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First documented in 1937, combined spinal–epidural anesthesia (CSE) is a technique in which both spinal and epidural anesthesia are administered simultaneously. The combination of the two approaches can present complications that are absent from each individual procedure.


Indications include patients in need of rapid anesthesia and analgesia with subsequent extended postprocedure analgesia. Labor analgesia, including emergent and elective cesarean sections, utilize CSE anesthesia because it offers timely, reliable anesthesia with adequate muscle relaxation and minimal drug toxicity to both mother and fetus. The CSE technique has been documented to be superior to sole individual and epidural anesthesia for abdominal procedures such as hysterectomies. Thoracic procedures have been performed with CSE anesthesia. However, the inhibition of cardioaccelerator fibers and respiratory depression may necessitate use of cardioactive drugs and general anesthesia with a secure airway. For certain lower extremity orthopedic procedures (eg, total hip arthroplasty, femur fractures, and total knee arthroplasty), implementation of CSE anesthesia provides benefits of decreased blood loss and decreased incidence of postoperative deep vein thrombosis.

Absolute contraindications include patient refusal, sepsis, hypovolemia, coagulopathy or therapeutic anticoagulation, elevated intracranial pressure, and infection at procedure site. Relative contraindications include current neurologic pathology, severe psychiatric disease, dementia, aortic stenosis, left ventricular outflow tract obstruction, and alteration of vertebral column secondary to prior surgery.


Ideally, CSE anesthesia incorporates the advantages of each procedure while avoiding the disadvantages. The spinal portion allows rapid onset of blockade and more reliable blockade, while the epidural portion provides ability for extended analgesia through redosing or continuous infusion of local anesthetic. Intensity of blockade may be altered by manipulating local anesthetic concentration. Although there is increased preparation time for surgery compared with general anesthesia, the technique of CSE anesthesia decreases recovery time in the postanesthesia care unit, time to postoperative patient fluid intake, narcotic requirements, and episodes of emesis.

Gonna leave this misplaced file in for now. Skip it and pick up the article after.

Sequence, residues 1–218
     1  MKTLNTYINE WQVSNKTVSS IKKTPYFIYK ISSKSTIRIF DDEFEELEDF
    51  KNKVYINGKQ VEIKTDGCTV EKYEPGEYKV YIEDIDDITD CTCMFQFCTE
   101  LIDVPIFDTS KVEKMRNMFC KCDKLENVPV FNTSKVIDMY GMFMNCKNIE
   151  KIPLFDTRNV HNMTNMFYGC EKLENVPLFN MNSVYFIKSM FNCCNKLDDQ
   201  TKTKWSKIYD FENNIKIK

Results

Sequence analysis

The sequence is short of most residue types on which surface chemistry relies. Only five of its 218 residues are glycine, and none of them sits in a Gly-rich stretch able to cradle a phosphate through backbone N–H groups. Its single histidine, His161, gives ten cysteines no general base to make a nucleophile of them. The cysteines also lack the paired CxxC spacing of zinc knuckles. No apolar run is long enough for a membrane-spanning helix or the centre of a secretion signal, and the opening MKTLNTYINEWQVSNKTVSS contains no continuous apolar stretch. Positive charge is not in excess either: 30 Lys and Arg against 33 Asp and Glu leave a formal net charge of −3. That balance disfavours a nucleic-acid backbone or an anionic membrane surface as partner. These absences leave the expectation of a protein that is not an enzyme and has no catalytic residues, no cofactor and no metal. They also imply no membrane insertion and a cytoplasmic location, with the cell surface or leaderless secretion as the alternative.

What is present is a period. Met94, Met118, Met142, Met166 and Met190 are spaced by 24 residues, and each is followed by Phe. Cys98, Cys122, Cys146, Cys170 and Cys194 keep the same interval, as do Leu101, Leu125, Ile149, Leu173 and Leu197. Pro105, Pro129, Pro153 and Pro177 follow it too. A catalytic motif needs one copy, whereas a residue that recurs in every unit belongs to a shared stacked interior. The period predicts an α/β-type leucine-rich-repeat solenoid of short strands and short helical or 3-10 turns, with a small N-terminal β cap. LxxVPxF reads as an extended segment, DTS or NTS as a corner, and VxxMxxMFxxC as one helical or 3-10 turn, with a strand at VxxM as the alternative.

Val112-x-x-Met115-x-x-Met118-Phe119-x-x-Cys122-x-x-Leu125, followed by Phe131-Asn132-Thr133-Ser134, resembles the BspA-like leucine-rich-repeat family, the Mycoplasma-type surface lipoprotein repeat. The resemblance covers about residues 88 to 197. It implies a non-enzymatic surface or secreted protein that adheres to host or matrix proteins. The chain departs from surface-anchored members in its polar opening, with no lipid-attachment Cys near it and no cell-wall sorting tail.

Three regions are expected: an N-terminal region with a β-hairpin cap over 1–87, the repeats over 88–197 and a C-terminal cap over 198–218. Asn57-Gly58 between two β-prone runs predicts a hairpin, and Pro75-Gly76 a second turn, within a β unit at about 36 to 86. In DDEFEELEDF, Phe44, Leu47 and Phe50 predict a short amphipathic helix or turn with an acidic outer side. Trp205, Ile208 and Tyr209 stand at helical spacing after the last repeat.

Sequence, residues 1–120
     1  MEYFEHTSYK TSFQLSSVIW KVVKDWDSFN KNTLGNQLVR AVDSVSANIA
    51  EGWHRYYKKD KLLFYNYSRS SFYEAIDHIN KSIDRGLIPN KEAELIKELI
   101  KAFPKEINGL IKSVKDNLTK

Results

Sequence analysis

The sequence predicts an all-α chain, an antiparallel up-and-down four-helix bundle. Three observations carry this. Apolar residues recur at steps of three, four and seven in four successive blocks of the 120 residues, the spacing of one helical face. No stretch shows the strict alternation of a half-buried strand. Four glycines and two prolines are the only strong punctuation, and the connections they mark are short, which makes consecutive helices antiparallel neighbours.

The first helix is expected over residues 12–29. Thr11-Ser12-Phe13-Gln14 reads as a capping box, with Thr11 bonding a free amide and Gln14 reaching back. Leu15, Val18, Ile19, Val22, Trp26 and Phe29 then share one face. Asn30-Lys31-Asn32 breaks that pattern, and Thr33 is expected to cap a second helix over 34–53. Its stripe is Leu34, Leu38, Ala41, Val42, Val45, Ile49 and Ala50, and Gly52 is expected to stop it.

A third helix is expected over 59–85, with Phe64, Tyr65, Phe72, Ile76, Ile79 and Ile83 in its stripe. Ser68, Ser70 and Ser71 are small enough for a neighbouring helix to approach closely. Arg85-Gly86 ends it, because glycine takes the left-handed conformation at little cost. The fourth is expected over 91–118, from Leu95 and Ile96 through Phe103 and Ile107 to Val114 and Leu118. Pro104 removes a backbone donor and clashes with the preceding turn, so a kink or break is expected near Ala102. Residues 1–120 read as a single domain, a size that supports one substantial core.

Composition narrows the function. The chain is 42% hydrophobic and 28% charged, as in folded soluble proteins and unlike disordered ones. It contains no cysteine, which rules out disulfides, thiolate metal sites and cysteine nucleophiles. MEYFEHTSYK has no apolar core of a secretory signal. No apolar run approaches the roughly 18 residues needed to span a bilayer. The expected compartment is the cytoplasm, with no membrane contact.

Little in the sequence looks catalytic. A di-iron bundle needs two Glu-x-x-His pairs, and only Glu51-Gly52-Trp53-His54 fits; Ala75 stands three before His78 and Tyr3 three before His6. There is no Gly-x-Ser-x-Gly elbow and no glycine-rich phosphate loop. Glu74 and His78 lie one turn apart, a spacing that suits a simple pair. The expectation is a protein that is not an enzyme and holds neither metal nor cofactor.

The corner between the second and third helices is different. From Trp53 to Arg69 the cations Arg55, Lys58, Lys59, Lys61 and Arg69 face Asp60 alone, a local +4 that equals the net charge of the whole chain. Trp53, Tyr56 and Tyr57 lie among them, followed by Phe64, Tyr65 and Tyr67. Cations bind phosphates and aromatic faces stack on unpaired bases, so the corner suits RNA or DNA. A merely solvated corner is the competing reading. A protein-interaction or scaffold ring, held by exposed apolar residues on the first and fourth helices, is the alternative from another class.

Disadvantages potentially avoided include the single administration of local anesthetic and unpredictable level of blockade with spinal anesthesia and patchy blockade, poor sacral spread, and possible local anesthetic toxicity associated with epidural anesthesia.


  • Single pass—First performed in 1980 (Vitenbeck), using the same needle, local anesthetic is first injected into the epidural space, and then further inserted into the subarachnoid space for intrathecal local anesthetic administration.

  • Needle-through-needle—First described in 1982, this most commonly used technique involves locating the epidural space with a needle and subsequently inserting a small diameter spinal needle through the epidural needle lumen to administer local anesthetic intrathecally. Once the spinal needle is removed, the epidural catheter may be inserted into the lumen of the epidural needle and placed in the desired position. The epidural catheter may be placed before the spinal needle is introduced, but this may increase the risk of damage to the spinal ...

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